Secrecy | 2007 News ||
Secrecy and Security News
Newer News: June 2007
- NIC sponsors wiki on global disease by Patience Wait, Government Computer News, May 31. "At the invitation of the National Intelligence Council, a group of graduate students attending Mercyhurst Collegeís Institute for Intelligence Studies has used their Strategic Intelligence class project to support and supplement the councilís work on global disease."
- LANL: Archive policies haven't changed by Roger Snodgrass, Los Alamos Monitor, May 31. "Harvard University graduate student Alex Wellerstein is working on a dissertation on nuclear secrecy, 1939-2005. If he extends his field of study by two years to 2007, he could include some of his own recent experiences."
- Rules lacking over access to executive branch info by Aliya Sternstein, Government Executive, May 31. "No laws have been established to help Congress obtain internal information, including e-mails, from the executive branch -- and that may not be a bad thing according to some open government advocates and a recent Congressional Research Service report."
- Intelligence bill's 'earmarks' no longer secret by Richard Willing, USA Today, May 25. "Budget changes have made public for the first time nearly $100 million in special intelligence projects being pushed by individual members of the House of Representatives ó and touched off a spat about whether the largest of the projects is wasteful."
- Libby Trial Judge Joins Secret FISA Court by Shaun Waterman, United Press International, May 24. "The judge who presided over the trial of vice presidential aide Lewis Libby has been appointed to the secret court that oversees U.S. intelligence wiretaps."
- Senate panel approves intelligence authorization measure by Andrew Noyes, National Journal's Technology Daily, May 24. "The Senate Intelligence Committee on Thursday approved its fiscal 2008 authorization bill, which would grant more flexibility and authority to the national intelligence director while requiring greater accountability from the intelligence community."
- DoD policy concerning conduct on the Pentagon Reservation and Raven Rock Mountain Complex, Federal Register, May 25. "The administrative corrections described in this rule are necessary to make the rules applicable to Raven Rock Mountain Complex, which is now part of the Pentagon Reservation."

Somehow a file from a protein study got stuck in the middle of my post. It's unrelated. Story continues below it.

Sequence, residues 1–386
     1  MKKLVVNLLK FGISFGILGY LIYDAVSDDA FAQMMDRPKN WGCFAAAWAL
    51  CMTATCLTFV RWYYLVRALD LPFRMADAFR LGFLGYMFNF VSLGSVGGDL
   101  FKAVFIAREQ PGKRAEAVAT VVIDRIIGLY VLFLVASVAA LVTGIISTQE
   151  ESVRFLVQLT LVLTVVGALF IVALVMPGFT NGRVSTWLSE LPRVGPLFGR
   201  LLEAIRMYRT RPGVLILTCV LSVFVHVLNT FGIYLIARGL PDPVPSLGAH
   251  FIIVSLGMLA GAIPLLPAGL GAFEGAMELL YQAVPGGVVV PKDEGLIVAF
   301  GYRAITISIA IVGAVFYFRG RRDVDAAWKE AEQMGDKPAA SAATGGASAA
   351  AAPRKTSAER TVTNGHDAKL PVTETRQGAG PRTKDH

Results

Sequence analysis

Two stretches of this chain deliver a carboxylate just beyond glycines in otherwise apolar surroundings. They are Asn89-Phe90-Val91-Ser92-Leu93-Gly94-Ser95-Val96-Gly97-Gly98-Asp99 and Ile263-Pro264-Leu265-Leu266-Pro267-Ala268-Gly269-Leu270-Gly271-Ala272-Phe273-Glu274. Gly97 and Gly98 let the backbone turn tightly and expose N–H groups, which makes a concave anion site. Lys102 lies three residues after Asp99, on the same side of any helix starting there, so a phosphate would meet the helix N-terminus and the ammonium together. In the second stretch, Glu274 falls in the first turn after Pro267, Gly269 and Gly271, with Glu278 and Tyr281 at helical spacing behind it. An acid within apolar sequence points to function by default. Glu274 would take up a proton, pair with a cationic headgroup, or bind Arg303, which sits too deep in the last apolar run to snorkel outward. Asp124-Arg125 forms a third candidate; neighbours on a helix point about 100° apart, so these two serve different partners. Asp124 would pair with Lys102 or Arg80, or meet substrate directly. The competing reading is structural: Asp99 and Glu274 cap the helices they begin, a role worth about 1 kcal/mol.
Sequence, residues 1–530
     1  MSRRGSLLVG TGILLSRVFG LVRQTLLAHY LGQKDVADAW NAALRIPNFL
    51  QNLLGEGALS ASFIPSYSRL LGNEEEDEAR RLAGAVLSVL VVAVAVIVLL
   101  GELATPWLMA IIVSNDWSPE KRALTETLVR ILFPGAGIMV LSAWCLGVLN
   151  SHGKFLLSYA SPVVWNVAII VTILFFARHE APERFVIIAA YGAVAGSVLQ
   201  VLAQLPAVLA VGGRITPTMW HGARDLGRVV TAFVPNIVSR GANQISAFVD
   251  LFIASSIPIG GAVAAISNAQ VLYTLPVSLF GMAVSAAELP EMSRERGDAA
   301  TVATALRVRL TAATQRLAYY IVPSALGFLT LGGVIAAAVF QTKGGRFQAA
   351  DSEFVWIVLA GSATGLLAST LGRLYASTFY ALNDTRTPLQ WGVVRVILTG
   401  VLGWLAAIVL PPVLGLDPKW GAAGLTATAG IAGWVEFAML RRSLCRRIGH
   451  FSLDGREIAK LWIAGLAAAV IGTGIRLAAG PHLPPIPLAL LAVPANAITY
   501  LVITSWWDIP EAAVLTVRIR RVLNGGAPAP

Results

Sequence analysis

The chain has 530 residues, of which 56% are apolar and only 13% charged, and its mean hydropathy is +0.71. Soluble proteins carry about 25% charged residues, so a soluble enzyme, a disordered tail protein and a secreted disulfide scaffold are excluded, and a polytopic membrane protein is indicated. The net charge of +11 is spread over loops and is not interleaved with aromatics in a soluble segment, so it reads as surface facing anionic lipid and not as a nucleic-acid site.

- LANS/UC Statement on Researcher Access to Los Alamos Archives, May 2007. "The practices for requesting approved for public release materials have reverted back to those in practice for many years."
- Another Surveillance Program or a Lie? by Laura McGann, TPM Muckraker, May 22. "Either James Comey was talking about a new, secret surveillance program in his testimony last week, or Alberto Gonzales lied to Congress in 2006 about the NSA's warrantless wiretapping program."
- GAO: Yearlong Wait for Security Clearances, United Press International, May 18. "A report published Thursday by the U.S. Government Accountability Office found that government contractors eligible for top security clearances had to wait an average of a year to start their work, and this delay has potential repercussions."
- AIPAC Pays for Legal Fees by Ron Kampeas, Jewish Telegraphic Agency, May 18. "AIPAC has agreed to pay legal fees for a former staffer who is accused of receiving and relaying classified information on Iran, the latest blow to the prosecution's efforts to isolate the defendants."
- Judge: The government shouldn't have pressured AIPAC to abandon Rosen and Weissman by Shmuel Rosner, Haaretz, May 13. "The story can be easily summarized: Defense lawyers for Steve Rosen and Keith Weissman, former AIPAC lobbyists charged for the disclosure of National Defense Information, claimed that the FBI had pressured AIPAC to fire them."